activists from throughout the United States are gathering this week in
the Louisville area for strategy sessions focused on helping
neighborhoods near industrial plants.
specifically chosen to come to Louisville to support the local
community," said Bryony Schwan, coordinator of the loosely affiliated
Coming Clean Campaign and an organizer of the meeting.
members of the campaign visited Louisville last year, the Rev. Louis
Coleman's Justice Resource Center launched Rubbertown Emergency Action.
The group, also
known as REACT, has been working to organize neighborhoods to encourage
chemical plants to reduce their toxic air emissions.
meetings will largely focus on comparing notes and developing
strategies nationally, Schwan said, but she added that participants
will take time out to support REACT.
About 60 people
from nearly as many groups are expected to attend, said Schwan, who is
also the national campaign director for Women's Voices for the Earth,
based in Montana.
"The eyes of the
nation and to some extent the eyes of the world are on Louisville right
now," said Denny Larson, a San Francisco environmentalist who helps
neighborhood groups establish air monitoring through his group Global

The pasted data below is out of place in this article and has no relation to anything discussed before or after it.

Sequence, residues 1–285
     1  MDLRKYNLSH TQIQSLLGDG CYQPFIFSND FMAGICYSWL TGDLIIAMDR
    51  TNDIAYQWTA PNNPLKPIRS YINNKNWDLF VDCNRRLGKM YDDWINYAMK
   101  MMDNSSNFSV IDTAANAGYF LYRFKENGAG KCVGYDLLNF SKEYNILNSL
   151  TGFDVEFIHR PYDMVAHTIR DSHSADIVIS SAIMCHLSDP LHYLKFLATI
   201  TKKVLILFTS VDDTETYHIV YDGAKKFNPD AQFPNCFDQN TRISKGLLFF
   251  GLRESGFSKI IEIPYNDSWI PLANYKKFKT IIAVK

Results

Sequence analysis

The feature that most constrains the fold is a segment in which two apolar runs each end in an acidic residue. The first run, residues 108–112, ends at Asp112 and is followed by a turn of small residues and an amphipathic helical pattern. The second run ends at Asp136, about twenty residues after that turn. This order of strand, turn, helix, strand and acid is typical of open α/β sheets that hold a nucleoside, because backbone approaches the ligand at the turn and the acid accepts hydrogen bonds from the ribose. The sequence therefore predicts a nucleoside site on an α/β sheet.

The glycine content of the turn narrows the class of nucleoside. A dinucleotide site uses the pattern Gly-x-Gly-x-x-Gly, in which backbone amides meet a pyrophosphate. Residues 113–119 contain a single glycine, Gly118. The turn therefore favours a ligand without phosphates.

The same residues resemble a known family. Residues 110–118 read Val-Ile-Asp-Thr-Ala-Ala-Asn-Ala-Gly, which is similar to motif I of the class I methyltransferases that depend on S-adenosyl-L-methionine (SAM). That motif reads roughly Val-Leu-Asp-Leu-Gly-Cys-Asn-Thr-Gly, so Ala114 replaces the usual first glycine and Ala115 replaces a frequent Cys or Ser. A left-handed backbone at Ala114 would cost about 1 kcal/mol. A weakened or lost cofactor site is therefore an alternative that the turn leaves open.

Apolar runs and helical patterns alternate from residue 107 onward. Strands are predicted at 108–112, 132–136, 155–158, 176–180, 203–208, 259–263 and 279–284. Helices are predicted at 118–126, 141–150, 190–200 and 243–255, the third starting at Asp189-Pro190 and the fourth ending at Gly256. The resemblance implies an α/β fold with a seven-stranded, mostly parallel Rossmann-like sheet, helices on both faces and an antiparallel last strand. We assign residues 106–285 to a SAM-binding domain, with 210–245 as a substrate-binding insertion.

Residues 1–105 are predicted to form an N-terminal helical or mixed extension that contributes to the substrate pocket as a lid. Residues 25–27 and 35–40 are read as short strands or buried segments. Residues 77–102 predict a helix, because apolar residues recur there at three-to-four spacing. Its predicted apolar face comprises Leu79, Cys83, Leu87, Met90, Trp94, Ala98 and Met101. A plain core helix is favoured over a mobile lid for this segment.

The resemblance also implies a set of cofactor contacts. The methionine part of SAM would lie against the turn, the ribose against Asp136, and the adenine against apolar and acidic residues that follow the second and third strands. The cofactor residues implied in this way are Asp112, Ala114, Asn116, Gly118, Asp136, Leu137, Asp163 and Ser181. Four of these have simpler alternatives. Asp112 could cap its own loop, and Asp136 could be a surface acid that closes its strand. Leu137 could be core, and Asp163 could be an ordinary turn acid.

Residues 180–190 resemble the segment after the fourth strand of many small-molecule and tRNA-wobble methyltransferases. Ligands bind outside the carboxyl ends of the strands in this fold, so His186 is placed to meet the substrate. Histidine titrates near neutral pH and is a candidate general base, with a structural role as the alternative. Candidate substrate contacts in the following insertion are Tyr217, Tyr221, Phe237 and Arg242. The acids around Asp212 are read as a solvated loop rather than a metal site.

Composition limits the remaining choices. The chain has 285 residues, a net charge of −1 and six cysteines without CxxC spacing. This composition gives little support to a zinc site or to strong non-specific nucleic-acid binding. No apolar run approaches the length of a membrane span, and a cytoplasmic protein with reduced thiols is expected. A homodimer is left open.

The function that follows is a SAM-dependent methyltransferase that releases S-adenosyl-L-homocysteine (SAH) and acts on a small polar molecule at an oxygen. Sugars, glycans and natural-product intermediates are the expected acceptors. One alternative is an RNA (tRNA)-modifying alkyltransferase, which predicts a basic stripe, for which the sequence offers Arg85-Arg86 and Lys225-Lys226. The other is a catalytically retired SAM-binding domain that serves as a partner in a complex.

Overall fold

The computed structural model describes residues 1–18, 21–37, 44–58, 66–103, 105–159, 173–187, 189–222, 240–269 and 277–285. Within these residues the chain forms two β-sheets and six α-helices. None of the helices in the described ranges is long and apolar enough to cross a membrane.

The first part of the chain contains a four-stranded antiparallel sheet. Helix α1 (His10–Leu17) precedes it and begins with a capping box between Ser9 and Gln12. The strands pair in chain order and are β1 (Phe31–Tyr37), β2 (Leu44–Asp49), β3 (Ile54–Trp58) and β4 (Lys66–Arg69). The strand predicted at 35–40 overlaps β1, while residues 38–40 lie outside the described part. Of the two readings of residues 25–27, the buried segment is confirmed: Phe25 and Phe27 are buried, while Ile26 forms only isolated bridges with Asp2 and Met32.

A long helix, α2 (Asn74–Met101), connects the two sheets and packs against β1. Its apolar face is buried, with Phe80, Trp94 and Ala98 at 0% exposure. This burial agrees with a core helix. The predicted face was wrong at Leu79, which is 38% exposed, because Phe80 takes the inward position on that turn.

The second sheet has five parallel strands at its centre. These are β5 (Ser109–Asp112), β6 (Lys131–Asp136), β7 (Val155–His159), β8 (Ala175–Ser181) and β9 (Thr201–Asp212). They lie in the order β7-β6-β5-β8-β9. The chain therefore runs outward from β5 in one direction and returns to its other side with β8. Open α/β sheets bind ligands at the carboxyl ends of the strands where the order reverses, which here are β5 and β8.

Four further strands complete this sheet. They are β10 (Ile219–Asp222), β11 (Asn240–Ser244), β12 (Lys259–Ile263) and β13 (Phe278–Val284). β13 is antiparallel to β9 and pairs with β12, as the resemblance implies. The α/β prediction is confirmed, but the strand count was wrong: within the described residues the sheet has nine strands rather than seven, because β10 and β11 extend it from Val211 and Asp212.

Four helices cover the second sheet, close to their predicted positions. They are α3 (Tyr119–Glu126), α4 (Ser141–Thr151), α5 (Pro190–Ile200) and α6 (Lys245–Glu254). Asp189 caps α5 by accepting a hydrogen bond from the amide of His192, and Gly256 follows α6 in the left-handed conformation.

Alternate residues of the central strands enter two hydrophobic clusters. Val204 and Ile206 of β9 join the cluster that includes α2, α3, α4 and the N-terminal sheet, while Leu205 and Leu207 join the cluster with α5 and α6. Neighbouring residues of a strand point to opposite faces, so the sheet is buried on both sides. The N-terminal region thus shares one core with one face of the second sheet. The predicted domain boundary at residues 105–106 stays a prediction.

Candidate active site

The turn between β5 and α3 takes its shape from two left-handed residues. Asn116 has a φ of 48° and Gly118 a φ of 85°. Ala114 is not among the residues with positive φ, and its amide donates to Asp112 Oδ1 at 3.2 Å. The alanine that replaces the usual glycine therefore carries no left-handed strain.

He delivered that message to the Louisville Air Pollution Control District board yesterday.
At 4 p.m. today,
the environmentalists are scheduled to call for a strong local air
toxics control program outside Metro Mayor Jerry Abramson's office
speakers include Lois Gibbs, who in 1978 founded the Love Canal
Homeowners' Association and in 1981 formed the group that would become
the Center for Health and Environmental Justice.
The Love Canal
controversy over a toxic dump in upstate New York prompted the
relocation of 900 families in Niagara Falls, N.Y., and led to the
passage of the federal Superfund toxic cleanup law in 1980.
At 7 p.m. Friday,
Louisiana activist Margie Richard will speak at Quinn Chapel AME
Church, 1901 W. Muhammad Ali Blvd. Richard led a successful effort to
win voluntary relocation of residents from her neighborhood and
emission reductions from industry in Norco, La.
Last month, Richard was awarded a $125,000 Goldman Environmental Prize.
in the strategy sessions are meeting at an undisclosed location in
Clarksville, Ind. The secrecy is needed to make sure their decisions
remain private, Schwan said.
groups include national organizations such as Physicians for Social
Responsibility, Clean Water Action and the National Council of
Churches, as well as smaller groups from communities near industrial